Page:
So while it's comfortable for us to point the finger at India, China, Russia, Venezuela, Iran, Somalia (I won't go thru the list - it's very long...) et al for being "corrupt", we should remember a very wise saying: "People who live in glass houses should not throw rocks at others"...
      naibeeru
    • more expensive to bribe...

      @wolf_z
      Please don't judge others by your own standards - they may not apply.
      Agnostic_OS
  • RE: RIM vs the Indian Government continues

    When will the Indian government start taking the threat of terrorism seriously? What will take - a nuclear explosion before they do something? The train blasts and the attack on Mumbai evidently were not enough. RIM should be banned until they comply.
    abc123a
  • RE: RIM vs the Indian Government continues

    Even if successful, it will only catch terrorists that don't read the news. The rest will migrate to Skype/PTT/Burners for voice and PGP/TOR for data. Remember when newspapers started reporting on intercepted sat phone calls between al Qaeda leadership- they stopped using them.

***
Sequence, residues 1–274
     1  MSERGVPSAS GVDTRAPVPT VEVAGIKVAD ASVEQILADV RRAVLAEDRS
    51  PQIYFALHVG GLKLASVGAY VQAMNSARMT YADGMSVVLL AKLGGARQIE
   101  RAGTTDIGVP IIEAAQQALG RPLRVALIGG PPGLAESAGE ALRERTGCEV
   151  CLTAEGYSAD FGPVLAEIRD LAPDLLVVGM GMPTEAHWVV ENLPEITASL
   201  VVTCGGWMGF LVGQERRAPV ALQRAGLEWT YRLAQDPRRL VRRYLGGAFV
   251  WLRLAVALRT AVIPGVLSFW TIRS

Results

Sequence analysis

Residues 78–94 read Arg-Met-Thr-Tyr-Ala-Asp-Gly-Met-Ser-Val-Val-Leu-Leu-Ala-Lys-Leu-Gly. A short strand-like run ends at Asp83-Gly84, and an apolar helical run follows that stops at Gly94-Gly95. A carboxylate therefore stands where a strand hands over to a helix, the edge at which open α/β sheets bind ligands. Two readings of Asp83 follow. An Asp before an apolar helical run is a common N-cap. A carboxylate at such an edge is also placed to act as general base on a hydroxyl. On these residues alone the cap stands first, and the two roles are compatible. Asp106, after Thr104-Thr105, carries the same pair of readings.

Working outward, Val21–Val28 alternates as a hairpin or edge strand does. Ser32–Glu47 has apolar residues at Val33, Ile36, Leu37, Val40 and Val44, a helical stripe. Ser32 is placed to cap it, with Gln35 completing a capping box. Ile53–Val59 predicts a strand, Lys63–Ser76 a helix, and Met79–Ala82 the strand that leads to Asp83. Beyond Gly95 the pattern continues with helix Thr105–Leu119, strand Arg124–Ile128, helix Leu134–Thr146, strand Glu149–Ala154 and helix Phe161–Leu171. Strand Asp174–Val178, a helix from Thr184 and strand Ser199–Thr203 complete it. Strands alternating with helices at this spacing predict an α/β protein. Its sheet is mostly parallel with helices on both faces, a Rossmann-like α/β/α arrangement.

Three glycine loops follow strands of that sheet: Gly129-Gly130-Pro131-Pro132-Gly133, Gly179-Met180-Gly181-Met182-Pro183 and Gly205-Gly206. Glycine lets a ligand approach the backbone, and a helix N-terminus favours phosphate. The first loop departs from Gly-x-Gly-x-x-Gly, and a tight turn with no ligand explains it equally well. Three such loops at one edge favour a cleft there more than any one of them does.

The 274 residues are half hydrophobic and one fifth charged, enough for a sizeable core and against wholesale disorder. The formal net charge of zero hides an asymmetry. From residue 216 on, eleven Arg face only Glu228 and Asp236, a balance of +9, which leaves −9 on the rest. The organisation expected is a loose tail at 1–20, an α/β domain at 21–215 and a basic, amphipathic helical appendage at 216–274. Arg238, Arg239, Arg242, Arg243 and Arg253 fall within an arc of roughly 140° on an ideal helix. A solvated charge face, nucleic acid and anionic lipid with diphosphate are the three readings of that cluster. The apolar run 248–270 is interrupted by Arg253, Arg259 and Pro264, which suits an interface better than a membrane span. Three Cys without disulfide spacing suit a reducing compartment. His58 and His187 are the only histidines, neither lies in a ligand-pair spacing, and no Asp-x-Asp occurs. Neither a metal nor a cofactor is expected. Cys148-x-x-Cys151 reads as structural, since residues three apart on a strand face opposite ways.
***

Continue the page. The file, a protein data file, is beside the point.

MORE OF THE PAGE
With terrorists then shunning non-secure communications (like Blackberry), then the only remaining national interest would be corporate espionage (not saying this is exclusive to India or the UAE, I'm guessing the US does far more than any other country, with China close behind).
    Gritztastic
  • lazy national security strategies

    No one wants all their communication to be constantly filtered through government hands; national security is not worth that much to me. And I trust the US government no more than the Indian government or the Russian government, for that matter.